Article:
Participants completed the Twenty Statements Test (TST; Kuhn and McPartland 1954)—a measure of working self-concept—in order to assess whether women were thinking about themselves in terms of their gender group. Participants were asked to fill in a series of twenty statements that complete the sentence “I am _____.” We created a dichotomous coding scheme in order to code for the presence or absence of gender identity (e.g., “I am a girl”) in each of participant’s 20 responses to this measure. Two trained raters coded each of these 20 statements for the presence of 3 target words representing gender identity: “girl,” “woman,” and “female.” These two raters demonstrated 99% agreement. Of the participants who wrote a gender identity response to the TST, only 1 participant wrote more than one gender identity response (i.e., 2 gender identity responses); the rest wrote only 1 gender identity response. Therefore, given this lack of variability in our sample, we created a final dichotomous measure that assessed whether women mentioned their gender identity (yes vs. no) in any of their 20 responses to the TST.
Participants were tested in individual sessions and told that the purpose of the study was to examine how people form first impressions of others. After completing a consent form, participants were asked to view a videotape of an experimental session that was conducted during the prior semester and imagine that they were the participant in that session. Participants were told that they would be asked to make ratings about their impressions of a person in the video after they had finished watching it and that we were interested in seeing how their impressions compared to those of the participants we examined in the previous semester. They were told that we would be asking them to recall information about what they saw in the video and that they should make sure to pay attention to the video.
Participants were randomly assigned to hear one of two procedural manipulations in the video in which they believed they would later be interacting with the male participant as part of the study, or they believed that he was at the session due to a scheduling error. This manipulation did not affect the results described below, so we do not discuss the effect of this manipulation further.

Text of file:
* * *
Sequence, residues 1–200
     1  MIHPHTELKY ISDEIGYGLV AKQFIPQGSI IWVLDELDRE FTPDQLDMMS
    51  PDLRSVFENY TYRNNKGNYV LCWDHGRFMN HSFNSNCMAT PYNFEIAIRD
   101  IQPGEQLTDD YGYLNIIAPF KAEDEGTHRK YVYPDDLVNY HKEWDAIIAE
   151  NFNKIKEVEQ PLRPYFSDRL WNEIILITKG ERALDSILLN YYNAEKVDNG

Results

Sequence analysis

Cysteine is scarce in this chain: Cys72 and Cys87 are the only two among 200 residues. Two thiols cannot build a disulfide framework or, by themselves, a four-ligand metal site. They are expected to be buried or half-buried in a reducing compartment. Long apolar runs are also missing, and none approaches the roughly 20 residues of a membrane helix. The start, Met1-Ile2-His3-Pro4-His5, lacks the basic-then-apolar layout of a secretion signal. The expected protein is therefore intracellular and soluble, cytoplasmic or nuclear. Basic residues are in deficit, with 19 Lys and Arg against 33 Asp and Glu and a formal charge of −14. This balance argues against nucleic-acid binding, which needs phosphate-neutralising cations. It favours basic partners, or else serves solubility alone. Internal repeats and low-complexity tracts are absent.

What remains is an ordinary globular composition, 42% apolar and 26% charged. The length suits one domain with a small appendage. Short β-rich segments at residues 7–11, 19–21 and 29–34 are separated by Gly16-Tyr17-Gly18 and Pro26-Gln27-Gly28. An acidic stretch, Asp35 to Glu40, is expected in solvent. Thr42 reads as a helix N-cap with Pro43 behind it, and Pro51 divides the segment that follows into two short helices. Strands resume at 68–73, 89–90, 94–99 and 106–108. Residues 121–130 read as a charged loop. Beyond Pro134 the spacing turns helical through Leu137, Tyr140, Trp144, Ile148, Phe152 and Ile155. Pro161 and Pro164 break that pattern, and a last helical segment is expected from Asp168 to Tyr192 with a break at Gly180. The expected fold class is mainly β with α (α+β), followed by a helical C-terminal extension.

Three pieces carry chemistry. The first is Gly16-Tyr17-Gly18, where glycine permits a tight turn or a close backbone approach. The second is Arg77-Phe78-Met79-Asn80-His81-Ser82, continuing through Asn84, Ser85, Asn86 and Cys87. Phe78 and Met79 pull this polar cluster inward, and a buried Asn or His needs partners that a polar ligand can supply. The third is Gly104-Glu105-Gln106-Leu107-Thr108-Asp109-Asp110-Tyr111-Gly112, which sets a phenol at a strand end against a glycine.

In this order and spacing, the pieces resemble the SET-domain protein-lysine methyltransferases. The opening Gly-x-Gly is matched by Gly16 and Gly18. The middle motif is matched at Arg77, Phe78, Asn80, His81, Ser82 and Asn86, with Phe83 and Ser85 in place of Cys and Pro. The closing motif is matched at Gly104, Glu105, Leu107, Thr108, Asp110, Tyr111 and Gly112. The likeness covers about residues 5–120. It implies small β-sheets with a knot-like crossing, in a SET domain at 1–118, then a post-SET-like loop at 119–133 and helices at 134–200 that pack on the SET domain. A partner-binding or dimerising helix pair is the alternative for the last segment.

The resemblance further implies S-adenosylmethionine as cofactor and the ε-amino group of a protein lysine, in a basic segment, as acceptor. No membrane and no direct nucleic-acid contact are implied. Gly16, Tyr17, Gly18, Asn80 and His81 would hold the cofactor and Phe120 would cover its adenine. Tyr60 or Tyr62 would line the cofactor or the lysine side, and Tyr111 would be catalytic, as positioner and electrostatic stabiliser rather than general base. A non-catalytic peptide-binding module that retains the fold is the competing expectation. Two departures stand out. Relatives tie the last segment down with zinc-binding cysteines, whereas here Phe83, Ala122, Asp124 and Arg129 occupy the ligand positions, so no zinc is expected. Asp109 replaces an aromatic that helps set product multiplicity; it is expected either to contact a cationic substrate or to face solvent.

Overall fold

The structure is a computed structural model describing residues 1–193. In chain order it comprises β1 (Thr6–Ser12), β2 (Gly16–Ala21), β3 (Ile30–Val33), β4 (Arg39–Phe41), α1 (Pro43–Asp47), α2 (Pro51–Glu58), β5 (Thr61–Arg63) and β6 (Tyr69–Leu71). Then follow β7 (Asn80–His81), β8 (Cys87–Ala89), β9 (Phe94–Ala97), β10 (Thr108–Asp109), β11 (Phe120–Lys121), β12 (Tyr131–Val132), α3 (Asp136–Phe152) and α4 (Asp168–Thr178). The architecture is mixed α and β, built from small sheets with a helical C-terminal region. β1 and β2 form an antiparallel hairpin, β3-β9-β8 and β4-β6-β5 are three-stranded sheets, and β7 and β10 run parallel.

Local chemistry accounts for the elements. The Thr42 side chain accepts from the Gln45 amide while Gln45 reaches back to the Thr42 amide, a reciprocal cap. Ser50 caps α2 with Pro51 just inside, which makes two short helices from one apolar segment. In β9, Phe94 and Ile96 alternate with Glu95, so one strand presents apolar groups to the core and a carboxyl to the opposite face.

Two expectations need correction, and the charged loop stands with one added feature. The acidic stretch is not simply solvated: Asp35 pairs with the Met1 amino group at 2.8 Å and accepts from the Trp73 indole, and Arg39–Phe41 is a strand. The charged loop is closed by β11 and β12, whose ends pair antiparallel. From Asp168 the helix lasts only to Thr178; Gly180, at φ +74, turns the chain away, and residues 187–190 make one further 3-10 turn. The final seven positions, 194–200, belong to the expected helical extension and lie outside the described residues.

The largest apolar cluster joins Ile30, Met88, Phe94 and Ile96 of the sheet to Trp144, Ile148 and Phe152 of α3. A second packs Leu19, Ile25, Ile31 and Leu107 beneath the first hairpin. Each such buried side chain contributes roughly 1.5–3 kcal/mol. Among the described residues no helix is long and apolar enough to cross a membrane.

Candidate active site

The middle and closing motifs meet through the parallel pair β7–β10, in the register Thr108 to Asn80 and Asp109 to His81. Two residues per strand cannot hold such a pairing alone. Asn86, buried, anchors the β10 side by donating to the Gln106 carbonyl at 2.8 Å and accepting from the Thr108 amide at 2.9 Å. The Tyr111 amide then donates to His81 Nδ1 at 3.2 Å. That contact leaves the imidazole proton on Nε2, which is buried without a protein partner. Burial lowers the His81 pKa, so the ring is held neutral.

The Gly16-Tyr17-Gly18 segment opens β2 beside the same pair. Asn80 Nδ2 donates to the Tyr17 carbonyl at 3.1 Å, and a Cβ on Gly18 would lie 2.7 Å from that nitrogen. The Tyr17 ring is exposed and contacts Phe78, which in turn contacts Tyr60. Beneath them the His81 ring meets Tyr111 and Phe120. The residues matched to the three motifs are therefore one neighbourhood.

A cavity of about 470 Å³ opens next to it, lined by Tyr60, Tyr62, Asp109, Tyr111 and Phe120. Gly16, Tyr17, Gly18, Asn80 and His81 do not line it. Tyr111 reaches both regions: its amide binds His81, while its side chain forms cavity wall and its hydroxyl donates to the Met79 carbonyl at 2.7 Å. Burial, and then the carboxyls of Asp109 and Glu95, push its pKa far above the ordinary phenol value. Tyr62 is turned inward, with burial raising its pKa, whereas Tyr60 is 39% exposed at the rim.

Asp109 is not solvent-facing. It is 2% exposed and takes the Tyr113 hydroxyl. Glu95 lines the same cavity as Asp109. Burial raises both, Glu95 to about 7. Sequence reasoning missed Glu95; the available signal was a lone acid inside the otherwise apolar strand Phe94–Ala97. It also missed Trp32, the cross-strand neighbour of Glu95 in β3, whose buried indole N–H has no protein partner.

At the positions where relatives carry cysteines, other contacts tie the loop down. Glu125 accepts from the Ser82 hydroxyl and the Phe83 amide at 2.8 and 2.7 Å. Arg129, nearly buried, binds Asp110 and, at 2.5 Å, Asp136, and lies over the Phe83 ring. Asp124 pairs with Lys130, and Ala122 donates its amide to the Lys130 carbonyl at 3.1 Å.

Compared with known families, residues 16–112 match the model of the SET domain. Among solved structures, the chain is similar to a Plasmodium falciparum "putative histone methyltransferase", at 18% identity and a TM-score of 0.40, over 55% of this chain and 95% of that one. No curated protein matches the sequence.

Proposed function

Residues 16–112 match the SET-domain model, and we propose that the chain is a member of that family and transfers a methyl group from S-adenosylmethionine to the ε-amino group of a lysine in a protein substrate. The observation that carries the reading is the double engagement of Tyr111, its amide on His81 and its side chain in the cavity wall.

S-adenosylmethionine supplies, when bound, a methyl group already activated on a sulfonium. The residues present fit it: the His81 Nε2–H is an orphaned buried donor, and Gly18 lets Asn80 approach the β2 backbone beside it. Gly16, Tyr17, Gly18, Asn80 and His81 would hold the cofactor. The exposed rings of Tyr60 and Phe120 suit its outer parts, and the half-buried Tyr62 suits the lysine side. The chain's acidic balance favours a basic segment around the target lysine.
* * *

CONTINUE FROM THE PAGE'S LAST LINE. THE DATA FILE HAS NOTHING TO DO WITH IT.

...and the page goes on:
The video was a recording of the following scenario involving a male participant and a female experimenter. The video was recorded from the perspective of the participant, where the participant would be seated facing the open doorway of the experiment room, and a female experimenter stood in front of the participant. Approximately one minute after the experimenter finished delivering verbal instructions regarding the nature of the study, a male confederate arrived at the experiment, paused in the open doorway leading into the room and made a brief statement to a fictitious female friend in the hallway outside. From their seated position, “participants” viewed the profile of the male confederate as he made the comment in the hallway. Participants were randomly assigned to hear either a sexist cat-call remark (N = 58) or a control greeting (N = 56) in the video. In the sexist condition, the male confederate made a “cat-call” remark into the hallway, directed at the fictitious female target, saying, “Hey Kelly, your boobs look great in that shirt!” The “cat-call” was intended to serve as a sexual objectification of the target female by drawing attention to a sexualized part of her body (i.e., breasts). In the control condition, the male confederate directed a greeting to the fictitious female target, saying, “Hey Kelly, what’s up?”
After the male confederate made his comment, the experimenter directed him to wait in a separate room. After the male confederate left the room, the experimenter closed the door to begin the experimental session, and the video stopped. After viewing the videotape, participants completed ratings of the male participant and the comment he made. Measures were completed in the order listed in the section above.